Sean Mitchell and David Moloney were honoured with the Provost’s Innovation Award at the annual event in Trinity.
The third annual Trinity Innovation Awards were celebrated last night (5 December) in Trinity College Dublin at an intimate ceremony in Regent House. In his opening address, university provost Dr Patrick Prendergast, welcomed the event as an opportunity for Trinity to both emphasise innovation and evaluate its impact. He praised the university’s multidisciplined work and attention to all aspects of innovation with structures to enable it at all levels, crediting this for its success in innovation.
Considered Trinity’s highest accolade, the Provost Innovation Award predates the growing Innovation Awards ceremony and has been presented over the years to those determined to have made an outstanding contribution to innovation. Former recipients range from companies such as Intel (2009) and Havok (2007) to individuals such as Prof Luke O’Neill (2017) and Prof Vincent Wade (2018).
This year’s joint awardees were Sean Mitchell and David Moloney, founders of Movidius, the company that advanced computer vision and deep learning technology and was snapped up by Intel in 2016.
‘Persistence or resilience, in my experience, plays a very core role in innovation’
– SEAN MITCHELL
Closing the event with a speech, Mitchell noted that it was “very special that this award comes from Trinity” having first graduated from the university 30 years ago, and then again 15 years ago when Moloney was also there doing a PhD.
Speaking to his experience in building what became a model of Irish innovation success in Movidius, Mitchell said: “Persistence or resilience, in my experience, plays a very core role in innovation … Once we have ideas, the challenge now falls to us to turn those ideas into reality, and that plan is rarely a straight line.”
He challenged the oft-touted notion of failing fast in order to innovate as something “promoted by investors maybe more so than entrepreneurs”, as investors can afford to swing and miss while the individual behind a project may be banking on a home run to be successful. With that mentality, Mitchell said, Movidius would have failed, fast, and over and over again.
“You will get knocked down but you have to persist,” he advised his fellow innovators present at the event. “We can’t focus on trying to do something incrementally better when we innovate. We have to do something that’s fundamentally difficult.”
Innovation across disciplines
The Innovation Awards also saw Prof J Michael D Coey presented with a Lifetime Achievement Award, recognising his decades of innovative research as well as his contributions to the Irish science community as the founder of CRANN, the Centre for Research on Adaptive Nanostructures and Nanodevices, and his idea to include a gallery space in the Naughton Institute, which led to the founding of the Science Gallery Dublin.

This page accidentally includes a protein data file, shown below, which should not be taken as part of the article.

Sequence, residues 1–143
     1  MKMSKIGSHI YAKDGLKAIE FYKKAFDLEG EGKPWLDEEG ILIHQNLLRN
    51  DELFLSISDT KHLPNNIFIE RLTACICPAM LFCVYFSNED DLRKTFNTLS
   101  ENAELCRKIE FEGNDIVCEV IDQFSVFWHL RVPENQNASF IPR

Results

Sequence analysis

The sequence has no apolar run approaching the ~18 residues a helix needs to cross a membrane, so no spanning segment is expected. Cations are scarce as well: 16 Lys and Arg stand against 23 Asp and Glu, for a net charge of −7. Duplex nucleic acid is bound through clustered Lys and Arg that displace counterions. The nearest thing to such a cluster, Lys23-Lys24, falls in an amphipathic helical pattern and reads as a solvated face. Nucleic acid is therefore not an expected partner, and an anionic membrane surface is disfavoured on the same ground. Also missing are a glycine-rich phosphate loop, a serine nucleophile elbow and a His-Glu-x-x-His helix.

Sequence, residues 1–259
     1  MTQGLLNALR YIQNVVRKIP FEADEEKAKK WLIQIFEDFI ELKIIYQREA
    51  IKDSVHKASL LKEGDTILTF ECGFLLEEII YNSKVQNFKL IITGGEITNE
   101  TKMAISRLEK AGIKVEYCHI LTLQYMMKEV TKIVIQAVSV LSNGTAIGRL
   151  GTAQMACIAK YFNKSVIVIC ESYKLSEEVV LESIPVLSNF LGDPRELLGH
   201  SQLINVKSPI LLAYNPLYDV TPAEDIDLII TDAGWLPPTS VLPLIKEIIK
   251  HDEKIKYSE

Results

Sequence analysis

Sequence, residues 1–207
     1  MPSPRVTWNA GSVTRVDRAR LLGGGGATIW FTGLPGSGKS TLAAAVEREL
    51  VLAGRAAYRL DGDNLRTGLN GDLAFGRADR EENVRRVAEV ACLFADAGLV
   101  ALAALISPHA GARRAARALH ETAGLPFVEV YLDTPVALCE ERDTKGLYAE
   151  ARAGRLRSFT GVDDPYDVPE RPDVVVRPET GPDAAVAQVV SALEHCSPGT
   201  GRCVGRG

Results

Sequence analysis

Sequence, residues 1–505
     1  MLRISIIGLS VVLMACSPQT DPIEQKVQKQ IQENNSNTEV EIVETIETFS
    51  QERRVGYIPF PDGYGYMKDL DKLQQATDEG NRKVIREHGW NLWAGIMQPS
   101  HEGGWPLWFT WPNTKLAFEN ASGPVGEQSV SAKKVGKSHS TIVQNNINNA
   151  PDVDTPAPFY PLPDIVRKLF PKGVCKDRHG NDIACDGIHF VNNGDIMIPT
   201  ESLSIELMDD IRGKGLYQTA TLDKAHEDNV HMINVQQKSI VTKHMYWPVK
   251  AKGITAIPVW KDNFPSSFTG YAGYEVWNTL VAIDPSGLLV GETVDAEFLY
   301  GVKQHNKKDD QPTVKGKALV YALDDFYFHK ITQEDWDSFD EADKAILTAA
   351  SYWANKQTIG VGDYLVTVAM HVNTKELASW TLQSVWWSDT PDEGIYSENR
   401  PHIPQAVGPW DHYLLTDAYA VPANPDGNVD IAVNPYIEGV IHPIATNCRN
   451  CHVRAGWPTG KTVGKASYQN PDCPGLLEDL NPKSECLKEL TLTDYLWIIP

Led by Trinity Research & Innovation, with director Leonard Hobbs at the helm, the awards ceremony aims to celebrate the university’s prowess in research and innovation solutions with both social and economic impact.
In 2019, the university saw five new campus companies emerge alongside 13 patent applications, 19 licenses and 53 inventions disclosed. Trinity Research & Innovation also secured 58 collaboration agreements with industry and €5.1m in industry cash awards.
Each of the five new campus companies were recognised on the night: OneProjects, which aims to revolutionise the treatment of cardiac arrhythmias with a connected platform technology; Azadyne, a biotech spin-out seeking to disrupt the therapeutic options for autoimmune diseases; Exhaura, an ophthalmology gene therapy company focused on glaucoma treatment; Nexalus, which has developed products that increase the efficiency of cooling electronics, from gaming systems to data centres; and Head Diagnostics, the company behind the iTremor device for quick sports concussion diagnostics.
Campus spin-outs were also recognised with the Campus Company Founder Award, which was this year presented to Prof John Gilmer of Solvotrin Therapeutics. Headquartered in Cork, Solvotrin was founded in 2009 and works closely with Trinity scientists in the research and development of its products, such as the ActiveIron supplement. Gilmer leads this activity as VP of research and development.
Inventor of the Year was presented to Dr Tony Robinson, who is also a director at Nexalus, as well as Prof John Donegan from the School of Physics, who has been granted eight patents and is in licensing discussions for two other pieces of intellectual property.
The Ones-2-Watch Award was also presented to two winners: Dr Stephen Dooley, who was recently awarded more than €120,000 in funding from Science Foundation Ireland for his research into creating fuel from household and plant waste; and Dr David McCloskey from the School of Physics, whose nanothermal research has led to active collaborations with companies such as Nokia Bell Labs, Western Digital and Analog Devices.
Another double award was presented to the two Societal Impact winners. Dr Joan Cahill, a senior researcher and principal investigator with the Centre for Innovative Human Systems, was recognised for her multidisciplinary work on how humans interact with machines. Dr Carmel O’Sullivan was awarded for her research in the School of Education, particularly in the areas of arts-based pedagogy and autism.
Finally, the Industry Engagement Award was presented to Prof Michael Morris and Dr Lorraine Byrne, recognising the collaborative industry relationship they cultivated between the AMBER research centre and Merck in Ireland, the UK and the US.